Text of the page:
When we were deciding where in the US to produce the shoes, we learned about Maine's history as a thriving hub of the industry... it was a natural fit and just so happens that coastal Maine is one of Elena and my favorite vacation destinations.

Being able to do high volume production has definitely been a road block for the American made movement. In order to reduce the cost of goods being made, one must be able to produce an item quickly and efficiently without losing quality control.

Maine is known for their craftsmanship in making hand sewn shoes, but this takes time and it's very costly.

We were fortunate to find a factory in Kennebunk called G&G Products. The owner has a strong knowledge of shoe construction, as he once worked with Unico, one of the last shoe manufacturers in Maine. Unico used to make the rubber outsoles of several named brand shoes before they closed down due the major outsourcing of jobs oveseas. When Unico closed their operations, the owner of G&G bought some of the equipment with the same hope that we have... reviving Maine's shoe industry.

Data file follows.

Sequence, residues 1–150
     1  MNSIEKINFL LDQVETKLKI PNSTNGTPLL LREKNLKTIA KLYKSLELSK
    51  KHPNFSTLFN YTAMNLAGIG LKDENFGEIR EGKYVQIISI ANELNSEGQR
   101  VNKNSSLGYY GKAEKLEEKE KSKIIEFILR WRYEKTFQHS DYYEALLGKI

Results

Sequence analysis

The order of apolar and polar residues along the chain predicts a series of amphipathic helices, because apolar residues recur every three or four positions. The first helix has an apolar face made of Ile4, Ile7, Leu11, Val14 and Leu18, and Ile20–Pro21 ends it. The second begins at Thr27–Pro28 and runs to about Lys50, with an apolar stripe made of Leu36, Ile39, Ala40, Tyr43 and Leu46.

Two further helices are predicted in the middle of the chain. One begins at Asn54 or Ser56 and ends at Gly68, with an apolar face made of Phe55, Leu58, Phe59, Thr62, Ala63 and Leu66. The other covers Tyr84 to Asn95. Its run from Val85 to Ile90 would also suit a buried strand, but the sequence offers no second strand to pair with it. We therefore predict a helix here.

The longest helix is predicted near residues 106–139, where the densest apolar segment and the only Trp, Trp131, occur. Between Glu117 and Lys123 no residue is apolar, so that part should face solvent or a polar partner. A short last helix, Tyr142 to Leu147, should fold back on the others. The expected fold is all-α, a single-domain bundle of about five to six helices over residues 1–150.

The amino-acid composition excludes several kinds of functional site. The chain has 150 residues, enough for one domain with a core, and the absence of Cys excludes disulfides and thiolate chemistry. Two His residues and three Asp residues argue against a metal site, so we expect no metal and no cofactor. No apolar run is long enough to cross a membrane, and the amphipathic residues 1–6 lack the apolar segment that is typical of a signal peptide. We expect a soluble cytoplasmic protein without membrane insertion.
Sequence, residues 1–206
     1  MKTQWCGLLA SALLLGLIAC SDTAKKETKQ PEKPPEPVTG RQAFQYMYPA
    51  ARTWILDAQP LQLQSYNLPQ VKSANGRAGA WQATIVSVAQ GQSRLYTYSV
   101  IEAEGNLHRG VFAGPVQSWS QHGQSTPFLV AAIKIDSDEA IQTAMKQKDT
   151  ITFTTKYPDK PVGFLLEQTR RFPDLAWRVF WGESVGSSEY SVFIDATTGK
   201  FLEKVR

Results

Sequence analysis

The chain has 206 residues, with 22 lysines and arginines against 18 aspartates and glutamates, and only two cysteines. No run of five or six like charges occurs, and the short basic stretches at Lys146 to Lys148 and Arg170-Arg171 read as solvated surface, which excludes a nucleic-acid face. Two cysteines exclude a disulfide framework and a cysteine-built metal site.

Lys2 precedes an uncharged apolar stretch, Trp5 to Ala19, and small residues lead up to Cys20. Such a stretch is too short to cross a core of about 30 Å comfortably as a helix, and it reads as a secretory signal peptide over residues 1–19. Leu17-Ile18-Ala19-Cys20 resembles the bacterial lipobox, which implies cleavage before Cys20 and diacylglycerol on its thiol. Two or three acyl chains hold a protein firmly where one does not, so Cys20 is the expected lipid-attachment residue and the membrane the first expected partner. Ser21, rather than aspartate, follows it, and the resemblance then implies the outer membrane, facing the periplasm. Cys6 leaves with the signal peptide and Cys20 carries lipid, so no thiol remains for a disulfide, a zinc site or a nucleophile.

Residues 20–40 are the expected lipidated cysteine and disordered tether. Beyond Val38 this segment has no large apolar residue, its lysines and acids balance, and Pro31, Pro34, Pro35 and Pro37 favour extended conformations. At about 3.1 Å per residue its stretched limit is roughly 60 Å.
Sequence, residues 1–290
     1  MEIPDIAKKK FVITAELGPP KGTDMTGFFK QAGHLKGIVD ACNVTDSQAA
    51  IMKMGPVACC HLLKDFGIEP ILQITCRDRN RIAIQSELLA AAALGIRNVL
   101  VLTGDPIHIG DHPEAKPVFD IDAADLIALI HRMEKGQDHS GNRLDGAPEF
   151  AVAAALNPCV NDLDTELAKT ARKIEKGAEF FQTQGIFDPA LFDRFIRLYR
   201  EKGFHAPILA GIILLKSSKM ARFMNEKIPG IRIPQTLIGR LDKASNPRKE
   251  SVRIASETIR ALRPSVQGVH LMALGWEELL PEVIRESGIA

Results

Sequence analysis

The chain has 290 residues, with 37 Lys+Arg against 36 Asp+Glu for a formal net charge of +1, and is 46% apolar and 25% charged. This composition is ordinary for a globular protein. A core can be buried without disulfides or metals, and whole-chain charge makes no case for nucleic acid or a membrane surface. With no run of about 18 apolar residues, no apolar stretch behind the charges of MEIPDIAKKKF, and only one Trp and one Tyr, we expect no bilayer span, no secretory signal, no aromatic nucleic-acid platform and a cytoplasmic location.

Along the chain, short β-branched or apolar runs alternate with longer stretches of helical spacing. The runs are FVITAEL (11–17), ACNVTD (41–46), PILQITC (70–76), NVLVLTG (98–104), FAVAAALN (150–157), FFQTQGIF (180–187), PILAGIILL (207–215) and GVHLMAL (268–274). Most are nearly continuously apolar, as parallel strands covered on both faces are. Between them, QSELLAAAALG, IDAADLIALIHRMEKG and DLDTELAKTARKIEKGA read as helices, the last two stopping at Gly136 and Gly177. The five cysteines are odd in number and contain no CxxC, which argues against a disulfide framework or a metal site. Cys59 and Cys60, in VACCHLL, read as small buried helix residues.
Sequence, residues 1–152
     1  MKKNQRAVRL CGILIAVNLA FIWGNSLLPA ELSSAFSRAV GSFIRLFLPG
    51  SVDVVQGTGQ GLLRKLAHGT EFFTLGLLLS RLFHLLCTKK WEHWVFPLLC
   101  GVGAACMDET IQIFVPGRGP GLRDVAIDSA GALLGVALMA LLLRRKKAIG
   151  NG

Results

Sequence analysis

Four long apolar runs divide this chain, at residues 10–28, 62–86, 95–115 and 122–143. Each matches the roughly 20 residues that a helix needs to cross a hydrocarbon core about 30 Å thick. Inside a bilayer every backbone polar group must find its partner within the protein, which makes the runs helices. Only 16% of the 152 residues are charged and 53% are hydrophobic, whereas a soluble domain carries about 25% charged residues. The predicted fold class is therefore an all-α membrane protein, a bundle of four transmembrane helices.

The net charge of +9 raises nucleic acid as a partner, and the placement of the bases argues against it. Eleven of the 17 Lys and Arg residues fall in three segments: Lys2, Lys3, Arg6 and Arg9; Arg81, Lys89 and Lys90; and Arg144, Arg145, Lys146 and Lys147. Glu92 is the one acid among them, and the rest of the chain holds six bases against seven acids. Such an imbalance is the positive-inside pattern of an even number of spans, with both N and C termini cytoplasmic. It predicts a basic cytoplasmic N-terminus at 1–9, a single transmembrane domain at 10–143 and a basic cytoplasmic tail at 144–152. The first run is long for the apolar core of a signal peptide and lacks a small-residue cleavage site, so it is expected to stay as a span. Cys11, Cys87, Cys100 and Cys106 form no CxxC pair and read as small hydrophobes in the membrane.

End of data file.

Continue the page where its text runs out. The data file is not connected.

His machines allow for high volume production vis a vis injection molding. We are working with our factory to reinvigorate and innovate using new and clean technology. Yes, our cost is slightly higher making our shoes in America, but as volume levels start to kick in, our price will come down. We also were adamant about making a product that was green friendly and recyclable. By being close to our factory, we can assure that strict guidelines are being followed and adhere to our desire to be environmentally sound.

Our sandals are a response to the film. It is a call to action. The average consumer cannot afford to buy American made because most American made fashion is priced at the contemporary price point... north of $200. We wanted to find a way to produce something, that would appeal to the masses, for under $100.

And yes, of course we hope to sell millions of pairs, but more importantly we want to create jobs... lots of jobs. Not 5 or 10... hundreds!